There’s no denying that DC’s extended universe big budget films have made a ton of money. So, by that measure, they have been a pretty solid success. But, by some other metrics, the DC movies have been a disappointment. Fans have consistently panned several of the films, with the exception of Wonder Woman. While there’s no doubt the movies each have a dedicated group of fans, the list of people growing more frustrated and disappointed by the films appears to be growing.
DC has multiple big screen films yet to come, and the company has yet to decisively deal with waning fan interest. It seems the company cannot quite find a way to recapture the magic of “Superman: The Movie” or even the late 80s Michael Keaton version of Batman.
Part of the issue is a shift in tone. DC’s cartoons, which tended to be loved by a generation of fans who grew up on them, were brighter. Less serious and more fun. They were cartoony but upbeat, as well as the origin of many beloved characters and storylines. In contrast, most of the recent big screen DC movies have been grittier, dealing with deeper themes and harsher plotlines. It’s not something fans of the cartoons and comics were hoping — or expecting — to see. Yet, again and again, DC delivered grittier fare. And they seem to be doing the same with the promotion of the company’s recently announced streaming service.
One of the key promotional teasers meant to entice fans to pay the annual $74.99 membership fee is the release of the DC original show, Titans, which follows the exploits of a team of younger DC heroes including Batman’s original protégé, Dick Grayson, aka Robin. The trailer for the program also includes characters Beast Boy, Raven, and Starfire.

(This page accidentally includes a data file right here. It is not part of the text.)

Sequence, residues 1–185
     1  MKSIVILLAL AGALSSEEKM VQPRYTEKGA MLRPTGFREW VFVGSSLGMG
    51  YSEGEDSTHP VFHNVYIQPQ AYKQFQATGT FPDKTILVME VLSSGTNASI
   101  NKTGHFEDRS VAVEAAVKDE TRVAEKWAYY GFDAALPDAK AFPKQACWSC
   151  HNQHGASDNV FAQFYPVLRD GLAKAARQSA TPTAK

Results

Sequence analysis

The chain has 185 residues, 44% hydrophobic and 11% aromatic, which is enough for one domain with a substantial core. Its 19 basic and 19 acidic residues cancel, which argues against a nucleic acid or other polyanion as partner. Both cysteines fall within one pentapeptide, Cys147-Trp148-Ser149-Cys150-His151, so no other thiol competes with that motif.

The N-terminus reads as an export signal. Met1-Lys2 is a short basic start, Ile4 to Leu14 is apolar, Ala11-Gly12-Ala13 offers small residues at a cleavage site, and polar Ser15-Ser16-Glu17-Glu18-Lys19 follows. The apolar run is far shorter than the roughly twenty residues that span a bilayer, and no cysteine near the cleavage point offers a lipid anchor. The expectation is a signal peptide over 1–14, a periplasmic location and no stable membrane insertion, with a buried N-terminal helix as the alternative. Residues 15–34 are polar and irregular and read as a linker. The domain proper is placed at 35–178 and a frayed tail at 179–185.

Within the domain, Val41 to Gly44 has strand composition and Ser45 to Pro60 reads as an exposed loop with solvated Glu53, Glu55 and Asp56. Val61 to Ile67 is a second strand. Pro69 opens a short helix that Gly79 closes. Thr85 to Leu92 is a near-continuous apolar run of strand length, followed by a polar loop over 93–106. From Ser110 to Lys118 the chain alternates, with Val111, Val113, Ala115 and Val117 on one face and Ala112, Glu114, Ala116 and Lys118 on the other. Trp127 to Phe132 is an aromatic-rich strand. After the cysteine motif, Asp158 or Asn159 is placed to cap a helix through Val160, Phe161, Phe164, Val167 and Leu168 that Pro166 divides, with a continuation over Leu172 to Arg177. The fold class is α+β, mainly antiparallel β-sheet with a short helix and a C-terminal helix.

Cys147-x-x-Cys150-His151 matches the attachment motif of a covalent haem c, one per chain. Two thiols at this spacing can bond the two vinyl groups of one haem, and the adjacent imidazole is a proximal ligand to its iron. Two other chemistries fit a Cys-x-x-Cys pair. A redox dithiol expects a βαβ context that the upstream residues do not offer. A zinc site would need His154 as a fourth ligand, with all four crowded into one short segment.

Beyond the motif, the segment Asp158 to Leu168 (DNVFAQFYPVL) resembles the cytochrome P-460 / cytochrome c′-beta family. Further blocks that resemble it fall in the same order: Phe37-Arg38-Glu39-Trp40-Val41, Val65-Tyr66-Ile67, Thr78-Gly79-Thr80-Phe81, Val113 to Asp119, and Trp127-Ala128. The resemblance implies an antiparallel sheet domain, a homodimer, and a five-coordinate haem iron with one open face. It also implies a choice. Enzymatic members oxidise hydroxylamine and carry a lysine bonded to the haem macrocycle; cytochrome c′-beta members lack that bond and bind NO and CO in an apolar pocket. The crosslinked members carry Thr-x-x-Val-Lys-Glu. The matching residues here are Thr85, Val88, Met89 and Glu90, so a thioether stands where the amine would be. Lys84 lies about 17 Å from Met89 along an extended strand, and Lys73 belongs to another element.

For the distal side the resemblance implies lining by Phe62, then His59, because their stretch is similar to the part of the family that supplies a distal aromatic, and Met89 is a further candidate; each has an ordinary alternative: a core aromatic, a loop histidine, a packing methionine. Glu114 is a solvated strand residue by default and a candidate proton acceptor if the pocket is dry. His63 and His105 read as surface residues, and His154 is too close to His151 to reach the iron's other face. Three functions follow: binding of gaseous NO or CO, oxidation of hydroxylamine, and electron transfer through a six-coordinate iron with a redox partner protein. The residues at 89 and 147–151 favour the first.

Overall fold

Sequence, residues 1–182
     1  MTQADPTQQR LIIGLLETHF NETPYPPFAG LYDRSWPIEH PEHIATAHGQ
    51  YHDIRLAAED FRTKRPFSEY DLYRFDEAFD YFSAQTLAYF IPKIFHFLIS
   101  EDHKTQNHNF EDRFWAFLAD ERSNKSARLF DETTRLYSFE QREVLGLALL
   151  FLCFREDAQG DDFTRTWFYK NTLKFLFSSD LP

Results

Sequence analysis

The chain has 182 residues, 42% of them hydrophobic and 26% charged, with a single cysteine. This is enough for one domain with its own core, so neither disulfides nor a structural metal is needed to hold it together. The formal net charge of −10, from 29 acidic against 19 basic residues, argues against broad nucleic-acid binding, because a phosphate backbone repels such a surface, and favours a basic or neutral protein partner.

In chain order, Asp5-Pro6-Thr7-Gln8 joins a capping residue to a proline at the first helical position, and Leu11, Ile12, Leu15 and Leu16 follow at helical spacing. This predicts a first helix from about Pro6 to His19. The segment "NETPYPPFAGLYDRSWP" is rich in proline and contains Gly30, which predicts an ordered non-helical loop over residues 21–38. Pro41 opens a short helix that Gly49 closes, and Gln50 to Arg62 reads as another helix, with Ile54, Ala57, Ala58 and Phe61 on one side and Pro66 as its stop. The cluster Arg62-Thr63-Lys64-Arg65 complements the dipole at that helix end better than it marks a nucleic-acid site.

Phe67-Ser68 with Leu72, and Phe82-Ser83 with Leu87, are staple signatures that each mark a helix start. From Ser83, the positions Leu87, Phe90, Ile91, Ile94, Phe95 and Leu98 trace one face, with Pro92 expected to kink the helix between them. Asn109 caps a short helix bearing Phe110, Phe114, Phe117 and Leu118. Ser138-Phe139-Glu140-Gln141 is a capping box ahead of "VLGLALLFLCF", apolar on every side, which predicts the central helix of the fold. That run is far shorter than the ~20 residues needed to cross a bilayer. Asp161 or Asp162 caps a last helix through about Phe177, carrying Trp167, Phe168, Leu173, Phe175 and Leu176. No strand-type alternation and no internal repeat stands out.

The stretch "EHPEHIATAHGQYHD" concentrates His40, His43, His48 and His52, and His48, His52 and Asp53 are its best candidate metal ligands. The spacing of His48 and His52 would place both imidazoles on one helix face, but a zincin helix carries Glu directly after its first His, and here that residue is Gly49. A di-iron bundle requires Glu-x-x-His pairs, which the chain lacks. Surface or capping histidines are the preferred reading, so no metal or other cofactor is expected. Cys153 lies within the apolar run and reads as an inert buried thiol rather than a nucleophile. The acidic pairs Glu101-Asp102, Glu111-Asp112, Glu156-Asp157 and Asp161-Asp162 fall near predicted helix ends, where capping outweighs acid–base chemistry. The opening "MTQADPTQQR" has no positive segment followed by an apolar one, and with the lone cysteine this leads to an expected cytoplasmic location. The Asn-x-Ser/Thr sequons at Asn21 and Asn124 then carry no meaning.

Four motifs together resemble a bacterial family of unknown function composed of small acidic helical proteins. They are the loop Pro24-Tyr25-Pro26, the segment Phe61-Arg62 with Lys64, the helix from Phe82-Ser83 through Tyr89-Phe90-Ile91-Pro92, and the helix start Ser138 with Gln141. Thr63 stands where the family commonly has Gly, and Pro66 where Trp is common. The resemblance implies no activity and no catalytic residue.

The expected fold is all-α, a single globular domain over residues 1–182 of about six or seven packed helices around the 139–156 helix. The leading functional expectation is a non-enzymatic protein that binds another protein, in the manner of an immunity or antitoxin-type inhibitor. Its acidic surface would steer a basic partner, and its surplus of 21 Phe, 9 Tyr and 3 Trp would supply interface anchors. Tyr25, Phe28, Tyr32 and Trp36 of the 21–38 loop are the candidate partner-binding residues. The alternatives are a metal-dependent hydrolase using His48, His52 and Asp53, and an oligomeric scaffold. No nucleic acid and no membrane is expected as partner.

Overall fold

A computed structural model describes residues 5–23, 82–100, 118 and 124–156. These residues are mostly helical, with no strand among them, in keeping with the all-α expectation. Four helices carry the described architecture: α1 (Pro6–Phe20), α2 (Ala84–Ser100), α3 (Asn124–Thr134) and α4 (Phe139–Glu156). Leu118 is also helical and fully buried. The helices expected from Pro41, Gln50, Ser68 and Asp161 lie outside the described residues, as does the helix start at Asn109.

While subscribing members will also, reportedly, have access to a “massive archive of classic DC films, comics, and TV shows” the live-action original program is getting most of the buzz. And, while many fans are excited, the same nagging question is being asked, yet again, of DC’s creative team: Why so dark?
In the trailer, a bitter, angrier Robin is asked his thoughts about Batman. He answers with an expletive. That certainly generated commentary, but it was such a departure from the traditional take on the character, fans were decidedly split on their reaction to the trailer’s release.
Some fans are openly wondering just how committed DC is to continuing this tone of its more recent live action creations, and if there’s any chance of returning to the style and vibe that made them fans in the first place. It’s a question that, despite DC’s best efforts, is not going away… and Titans may end up being the tipping point that determines if DC’s continued dismissal of this cohort of fans’ complaints will pay off in the long run… or not.
Ronn Torossian is the CEO and Founder of 5W Public Relations.